A New Way to Define Yourself During Your Defining Years

Why You Can’t Sort Out Your Life’s Destination Without First Knowing Your True Definition, Whatever


Published: September 22, 2010

“Well, what are you waiting for?” my blank piece of paper whispered to me as I stared at the professor’s assignment for the class. Another couple seconds passed before the paper spoke again, impatiently: “You know the answer to the question; just write it already!” But the truth was I did not.

The assignment was for us to list the labels we identify with the most, putting the labels most important to us at the top.

Though high school Monique would have quickly put the labels “black,” “female” and “middle class” (in that order) at the top of the list, I was surprised to find that as a college freshman I was unsure of how to identify myself. I still qualified as a black woman in the middle class, but I knew that none of those labels defined who I really was. Rather, they labeled me as a statistic. Now as a sophomore reflecting upon my earlier quest for identity, I say to this year’s freshmen class: challenge the labels you made for yourself in high school becasue that faded, old label may not help you achieve your goals or a thorough understanding of yourself.

I have surely faced this challenge, for I was forced to shed my old, rigid and vague identity for a new one specific to my character. When I first entered Lowenstein, I believed that one’s racial identity was more important to a person’s being than I do now. Between attending a high school where I was repeatedly confronted with being a minority through racist slurs and jokes, and training in a performing arts school where black culture was constantly drilled into its students, I began clinging to my identity as a black person tighter than a toddler would hold on to his favorite blanket.

Yet as my college career began, a new set of experiences began to unfold. I was in a foreign environment, expected to make decisions alone on courses of study and possible career paths, offered with the largest selection I had seen.

Through all of this, I still held on strongly to my racial identity. But the mere fact that I was black did not help me answer the daunting question, “What is it I want to do with my life?” For what else could my racial identity tell me about myself other than I was a descendent of African slaves who were brought to work on the sugar cane plantations of Guyana? I eventually learned that looking to my racial identity for answers on what career path to take was insufficient, and I began to question myself in this new environment, unsure of which path to take and insecure about who I was.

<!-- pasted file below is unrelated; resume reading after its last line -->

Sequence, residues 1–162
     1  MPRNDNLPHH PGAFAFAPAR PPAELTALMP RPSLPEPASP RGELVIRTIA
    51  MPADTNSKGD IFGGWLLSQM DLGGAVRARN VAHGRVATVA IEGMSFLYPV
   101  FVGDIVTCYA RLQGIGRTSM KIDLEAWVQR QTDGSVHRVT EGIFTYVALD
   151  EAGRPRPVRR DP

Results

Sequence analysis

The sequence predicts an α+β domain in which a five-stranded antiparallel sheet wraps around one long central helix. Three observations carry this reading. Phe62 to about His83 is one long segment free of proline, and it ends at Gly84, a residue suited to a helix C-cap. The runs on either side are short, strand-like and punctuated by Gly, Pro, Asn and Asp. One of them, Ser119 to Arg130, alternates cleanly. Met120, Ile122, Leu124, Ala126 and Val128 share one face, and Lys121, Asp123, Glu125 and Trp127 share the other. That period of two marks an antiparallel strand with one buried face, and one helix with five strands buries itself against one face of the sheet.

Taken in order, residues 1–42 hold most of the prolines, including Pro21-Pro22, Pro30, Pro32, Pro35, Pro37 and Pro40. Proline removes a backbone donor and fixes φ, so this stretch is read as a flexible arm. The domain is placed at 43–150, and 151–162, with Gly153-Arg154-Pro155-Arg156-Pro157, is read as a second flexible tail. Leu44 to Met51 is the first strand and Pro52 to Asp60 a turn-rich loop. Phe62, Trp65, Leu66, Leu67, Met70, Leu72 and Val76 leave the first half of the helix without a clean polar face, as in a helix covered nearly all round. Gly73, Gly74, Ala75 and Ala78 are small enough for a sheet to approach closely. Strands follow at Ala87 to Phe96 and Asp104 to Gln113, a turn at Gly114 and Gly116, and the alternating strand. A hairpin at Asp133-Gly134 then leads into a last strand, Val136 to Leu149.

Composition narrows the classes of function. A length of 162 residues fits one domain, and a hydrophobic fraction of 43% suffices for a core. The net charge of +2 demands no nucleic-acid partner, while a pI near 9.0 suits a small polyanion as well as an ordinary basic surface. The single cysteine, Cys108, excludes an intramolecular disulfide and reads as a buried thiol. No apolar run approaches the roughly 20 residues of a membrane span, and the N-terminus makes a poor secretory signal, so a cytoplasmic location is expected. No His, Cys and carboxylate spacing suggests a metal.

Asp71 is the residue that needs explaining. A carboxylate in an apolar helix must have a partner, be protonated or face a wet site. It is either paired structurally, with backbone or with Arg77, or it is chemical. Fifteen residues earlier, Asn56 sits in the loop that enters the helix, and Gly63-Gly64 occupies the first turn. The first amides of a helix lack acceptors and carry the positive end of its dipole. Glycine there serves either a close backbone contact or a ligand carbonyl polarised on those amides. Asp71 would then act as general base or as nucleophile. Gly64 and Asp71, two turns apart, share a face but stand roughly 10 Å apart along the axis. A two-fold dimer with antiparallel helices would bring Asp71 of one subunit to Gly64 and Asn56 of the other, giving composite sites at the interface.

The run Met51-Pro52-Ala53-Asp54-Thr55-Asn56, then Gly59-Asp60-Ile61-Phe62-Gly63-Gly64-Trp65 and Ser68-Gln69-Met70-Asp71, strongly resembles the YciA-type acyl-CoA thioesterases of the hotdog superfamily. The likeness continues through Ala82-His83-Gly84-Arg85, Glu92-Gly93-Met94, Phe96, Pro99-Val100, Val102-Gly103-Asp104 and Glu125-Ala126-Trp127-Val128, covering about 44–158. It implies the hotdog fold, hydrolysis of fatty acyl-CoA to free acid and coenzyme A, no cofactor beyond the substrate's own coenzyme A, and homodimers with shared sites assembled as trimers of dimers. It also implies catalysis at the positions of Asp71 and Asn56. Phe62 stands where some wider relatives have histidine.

My story is only one out of many describing a young person grappling with his or her identity, but anyone could have gone through the same thing. The importance of identity is obvious: we need a clear understanding of our ourselves to give us purpose in the world we live in, supplying us the ability and the confidence to help ourselves and others around us. But when asking the question, “How do I pursue an identity that best represents who I am and helps me find my purpose?” uncovering the answer is not so clean-cut.

I have found that continuing to ask myself questions based solely on my wants and needs helps tremendously. Once I started to focus on more essential and interesting traits than the hue of my skin and the curls in my hair, I asked myself, “What are my personal interests and attributes? What are my shortcomings and how do I fix them?” These are the questions I strongly believe we all as college students should be asking ourselves. Doing this will help us leave Fordham University with a direction, a philosophy and a plan.

Now, another school year has begun and a brand new and diverse class of students is walking the halls of Fordham. I can recognize the freshmen students as they walk around their new campus starry-eyed. These students will soon have their own stories of freshman year completely different from mine. Yet the theme will be the same for us all: we must find a way to identify ourselves that captures our character and how we want to contribute to society. My way is to start by rejecting generic socioeconomic identities and exploring who we are on the inside. What’s your way?